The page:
20 Visual Studio Code Extensions You'll Actually Use

20 Visual Studio Code Extensions You'll Actually Use


4 min read

I've noticed several VS Code extension posts and have been thoroughly disappointed with the mentioned extensions with the exception of a couple so I thought I'd compile my list of plugins that I personally use.

I think these are helpful for any primarily front-end developer who wants to get the most out of using Visual Studio Code. Some of these you'll already have - as they're the most recommended extensions on the platform - but others you may not.

Make VS Code Easy to Read

  • Beautify - Makes HTML, CSS and JS very easy to read by de-minifying and properly spacing your horrendous markup.
  • Better Comments - Create more human-friendly comments in your code. I use this all. the. time. It's a mandatory extension for our dev team.
  • Bookmarks - It helps you to navigate in your code, moving between important positions easily and quickly. I use this in conjunction with MetaGo to be almost mouse-free while coding.
  • MetaGO - Wicked fast cursor movement/selection for a focus on keyboard usage. This changed how I use VS Code forever. Seriously.
  • Log File Highlighter - Just as it sounds, gives VSCode .log file support so you can actually read those log dumps without your eyes bleeding.
  • Guides - Now you don't have to collapse and open all you're freaking elements to figure out nesting. This works really great with Beautify mentioned above and Rainbow Brackets, below.
  • Rainbow Brackets - Highlights the current bracket-set you're in and colours the rest differently for very easy location identification. If you're a heavy JS developer this is a great extension.
  • Image Preview - Shows an image preview in the gutter and on hover. So key for checking if I just referenced the correct image/icon.
  • GitLens - One of the most used extensions for sure; Gitlens is a must have for VS Code and just makes the Git experience so much better all around. Pair this with the .gitignore and .diff extensions for good coverage.

Faster Coding inside VS Code

  • CSS Peek - Inspired by a similar feature in Brackets called CSS Inline Editors. One of my favourite Bracket features now in VS Code.
  • stylelint - We lint our JS, so why not our LESS/SASS/CSS too? Great for quickly cleaning up sloppy CSS.
  • Live Sass Compiler - Sure, you got Gulp, Webpack, NPM, Grunt but sometimes you want to compile/transpile your SASS/SCSS files to CSS files in realtime with live browser reload. This does just that.
  • Live Server - Best local development Server with live reload feature for static & dynamic pages (even PHP!).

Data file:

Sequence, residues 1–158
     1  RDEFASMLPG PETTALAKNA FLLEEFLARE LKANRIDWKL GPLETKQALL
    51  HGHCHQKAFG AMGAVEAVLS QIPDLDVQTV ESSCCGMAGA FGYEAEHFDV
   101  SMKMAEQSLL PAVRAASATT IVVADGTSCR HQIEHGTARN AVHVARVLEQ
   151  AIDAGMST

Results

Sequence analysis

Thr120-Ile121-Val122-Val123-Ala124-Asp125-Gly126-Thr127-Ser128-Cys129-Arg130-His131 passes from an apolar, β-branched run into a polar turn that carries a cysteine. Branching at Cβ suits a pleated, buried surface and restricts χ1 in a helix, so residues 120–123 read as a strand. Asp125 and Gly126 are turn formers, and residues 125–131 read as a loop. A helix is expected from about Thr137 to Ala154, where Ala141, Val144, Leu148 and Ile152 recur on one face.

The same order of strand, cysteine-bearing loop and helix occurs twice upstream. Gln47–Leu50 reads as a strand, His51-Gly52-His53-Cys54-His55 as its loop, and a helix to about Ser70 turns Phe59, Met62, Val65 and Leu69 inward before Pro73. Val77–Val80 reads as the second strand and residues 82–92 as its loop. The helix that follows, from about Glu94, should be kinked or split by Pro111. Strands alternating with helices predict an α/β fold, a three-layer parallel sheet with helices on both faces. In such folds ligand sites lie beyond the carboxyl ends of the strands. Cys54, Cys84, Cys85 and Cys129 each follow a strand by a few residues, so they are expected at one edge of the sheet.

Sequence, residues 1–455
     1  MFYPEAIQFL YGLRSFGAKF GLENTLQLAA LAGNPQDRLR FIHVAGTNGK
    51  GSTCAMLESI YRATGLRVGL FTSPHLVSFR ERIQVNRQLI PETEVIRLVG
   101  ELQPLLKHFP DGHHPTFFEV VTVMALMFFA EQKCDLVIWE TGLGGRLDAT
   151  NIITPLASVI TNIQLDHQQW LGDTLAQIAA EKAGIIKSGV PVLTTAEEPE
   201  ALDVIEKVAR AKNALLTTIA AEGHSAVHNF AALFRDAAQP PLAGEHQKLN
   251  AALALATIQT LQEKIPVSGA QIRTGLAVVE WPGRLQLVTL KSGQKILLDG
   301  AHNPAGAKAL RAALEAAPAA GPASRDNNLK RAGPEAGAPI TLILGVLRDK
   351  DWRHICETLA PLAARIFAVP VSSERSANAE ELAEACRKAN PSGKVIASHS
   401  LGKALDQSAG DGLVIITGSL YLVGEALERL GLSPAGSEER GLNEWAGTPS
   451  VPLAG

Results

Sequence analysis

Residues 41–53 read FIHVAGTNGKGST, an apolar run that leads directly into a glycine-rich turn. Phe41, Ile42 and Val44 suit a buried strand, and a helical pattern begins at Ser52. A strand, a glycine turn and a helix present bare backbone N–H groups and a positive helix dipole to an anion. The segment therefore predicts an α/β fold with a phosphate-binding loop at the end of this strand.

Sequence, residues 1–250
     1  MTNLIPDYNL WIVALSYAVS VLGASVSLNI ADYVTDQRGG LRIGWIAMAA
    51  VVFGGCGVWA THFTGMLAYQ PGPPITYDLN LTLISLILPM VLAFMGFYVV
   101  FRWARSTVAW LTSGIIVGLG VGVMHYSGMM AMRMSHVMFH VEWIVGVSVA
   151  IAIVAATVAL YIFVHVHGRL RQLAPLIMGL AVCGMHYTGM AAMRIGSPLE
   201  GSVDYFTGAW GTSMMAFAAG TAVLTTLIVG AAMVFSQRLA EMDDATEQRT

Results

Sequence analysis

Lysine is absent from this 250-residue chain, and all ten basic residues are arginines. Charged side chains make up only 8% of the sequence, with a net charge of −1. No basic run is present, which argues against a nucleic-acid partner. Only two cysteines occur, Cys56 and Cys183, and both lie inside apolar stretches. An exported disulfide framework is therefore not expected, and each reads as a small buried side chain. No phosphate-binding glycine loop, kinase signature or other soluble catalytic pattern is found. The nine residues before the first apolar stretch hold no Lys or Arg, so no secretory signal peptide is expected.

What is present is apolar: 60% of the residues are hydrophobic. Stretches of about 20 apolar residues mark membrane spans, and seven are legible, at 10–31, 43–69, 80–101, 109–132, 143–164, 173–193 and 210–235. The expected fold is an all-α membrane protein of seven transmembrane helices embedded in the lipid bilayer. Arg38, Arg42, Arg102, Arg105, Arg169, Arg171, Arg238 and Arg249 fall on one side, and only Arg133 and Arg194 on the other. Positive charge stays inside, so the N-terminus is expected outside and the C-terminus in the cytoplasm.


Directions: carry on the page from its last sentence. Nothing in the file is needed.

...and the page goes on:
• Version Lens - Update dependencies/devDependencies to latest version for specified package.json. Recommended by: Mihail
  • DotENV - Adds support and highlighting for .env files - something I rely on heavily pushing to Heroku, Netlify, etc...

Pretty Screenshots

  • Polacode - Highlight code, snap a really nice screenshot with your code theme's colours. Great for tutorials or documentation and you want to provide code examples.

Multiple Instances of VS Code

  • Settings Sync - Uses a private gist to save a setting file so you can sync Settings, Snippets, Themes, File Icons, Launch, Keybindings, Workspaces and Extensions between multiple VS Code instances. I use this to keep my Laptop, Work Desktop and Home Desktop all in sync with two simple commands.
  • EditorConfig - Override user/workspace settings with settings found in .editorconfig files. I use this to enforce specific rules for the development team on a per-project basis.

So there you have it, while I have lots of other plugins more specific to the environments I use (Front-End Web + Azure Cloud) hopefully you'll find these extensions useful in your daily use of VS Code!

Let me know if you already use them and if you love or hate them. Or, some extensions I might have missed and should try out!

Noteworthy Mentions

After getting some feedback in the comments of you guys showing me some of your favourite VS Code extensions here are some new ones that I think are solid enough to also include:

  • Import Cost - Shows the filesize cost of importing. - Recommended by: miku86
  • Window Colors - Run multiple instances of VS Code? Have each window uniquely coloured so you don't lose track of which project is in what window. - Recommended by: Jefry Pozo
  • Prettier - Very "Pretty" markup cleaner. Used by Stackoverflow to display nice code snippits. But, doesn't handle HTML inside .js/.ejs/.jade/.pug templates so not the best if working with many static site generators.

This post was originally written on, dev.to

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